Reading aloud People are not getting old for long: it was only about 30, 000 years ago that life expectancy rose dramatically, American anthropologists have discovered. Rachel Caspari of Ann Arbor University and Sang-Hee Lee of the University of Riverside, PNAS (online pre-publication, doi / 10.1073 / pnas.0402857101), have found ways to develop more lifelike, elderly people in the community ). The researchers studied more than 750 fossil remains of humans in consecutive time periods. Based on the teeth, they determined the age of the individuals and thus the ratio of young and old adults. When old they defined individuals that were at least twice as old as the age at which sexual maturity began. In this period of life usually come the wisdom teeth. In the course of evolution, more and more people reached a higher age, the scientists found out. At the end of the Paleolithic there was an increase in the lifespan, which was much larger than the previous climbs.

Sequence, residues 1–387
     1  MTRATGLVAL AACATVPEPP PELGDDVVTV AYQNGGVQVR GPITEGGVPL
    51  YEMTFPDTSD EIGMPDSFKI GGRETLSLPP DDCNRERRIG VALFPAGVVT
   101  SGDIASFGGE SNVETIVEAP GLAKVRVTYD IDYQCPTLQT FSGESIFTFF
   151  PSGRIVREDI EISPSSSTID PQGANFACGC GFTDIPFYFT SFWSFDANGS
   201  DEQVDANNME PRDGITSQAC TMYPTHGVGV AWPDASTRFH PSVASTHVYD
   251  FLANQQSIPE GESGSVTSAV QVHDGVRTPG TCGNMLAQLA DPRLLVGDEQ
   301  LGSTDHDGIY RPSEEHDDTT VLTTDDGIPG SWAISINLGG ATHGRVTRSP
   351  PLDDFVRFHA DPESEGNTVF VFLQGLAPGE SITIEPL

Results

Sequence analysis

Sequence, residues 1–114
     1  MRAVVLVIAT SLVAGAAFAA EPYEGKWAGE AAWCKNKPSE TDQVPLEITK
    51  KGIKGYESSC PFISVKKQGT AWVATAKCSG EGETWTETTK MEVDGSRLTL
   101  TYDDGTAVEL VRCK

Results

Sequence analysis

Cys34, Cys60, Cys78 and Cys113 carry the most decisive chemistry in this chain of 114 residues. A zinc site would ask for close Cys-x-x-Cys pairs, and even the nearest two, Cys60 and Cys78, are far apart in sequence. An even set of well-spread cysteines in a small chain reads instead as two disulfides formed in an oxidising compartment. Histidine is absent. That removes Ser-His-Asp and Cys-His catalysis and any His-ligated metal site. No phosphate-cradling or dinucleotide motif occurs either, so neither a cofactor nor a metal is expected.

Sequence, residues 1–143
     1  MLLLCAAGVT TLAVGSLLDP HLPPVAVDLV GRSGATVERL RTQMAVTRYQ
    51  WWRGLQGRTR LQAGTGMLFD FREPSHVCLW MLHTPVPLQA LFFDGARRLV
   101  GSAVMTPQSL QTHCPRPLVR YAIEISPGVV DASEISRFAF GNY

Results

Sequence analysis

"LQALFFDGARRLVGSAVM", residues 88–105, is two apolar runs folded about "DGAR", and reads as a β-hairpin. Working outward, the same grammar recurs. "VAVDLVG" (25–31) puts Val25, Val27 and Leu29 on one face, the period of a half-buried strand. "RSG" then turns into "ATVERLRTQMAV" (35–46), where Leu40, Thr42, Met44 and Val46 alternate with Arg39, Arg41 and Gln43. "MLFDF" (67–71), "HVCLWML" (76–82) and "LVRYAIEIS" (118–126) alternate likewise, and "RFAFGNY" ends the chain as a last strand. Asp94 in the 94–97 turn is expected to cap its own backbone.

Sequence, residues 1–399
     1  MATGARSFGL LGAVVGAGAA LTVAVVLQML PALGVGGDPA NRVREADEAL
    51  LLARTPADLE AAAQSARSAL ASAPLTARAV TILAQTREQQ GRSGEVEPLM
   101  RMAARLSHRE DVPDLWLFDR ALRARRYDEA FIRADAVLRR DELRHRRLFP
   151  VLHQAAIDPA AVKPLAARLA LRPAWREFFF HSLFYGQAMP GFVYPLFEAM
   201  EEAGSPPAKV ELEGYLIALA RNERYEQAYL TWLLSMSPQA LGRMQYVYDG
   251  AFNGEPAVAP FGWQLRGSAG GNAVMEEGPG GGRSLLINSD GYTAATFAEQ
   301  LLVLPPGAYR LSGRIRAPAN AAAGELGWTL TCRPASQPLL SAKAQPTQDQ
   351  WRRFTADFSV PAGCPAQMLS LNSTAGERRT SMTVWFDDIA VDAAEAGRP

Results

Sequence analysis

This trend has probably contributed significantly to the population grew and cultural innovations emerged, write Caspari and Lee. Thanks to older, more experienced people, the early modern man could accumulate more information and pass it on from generation to generation. Social ties and relationships have also been strengthened by reaching the higher age. For example, grandparents can help with the education of grandchildren. "Significant longevity came late in human evolution, " the authors said. "The benefits must have somehow outweighed the shortcomings and diseases of old age."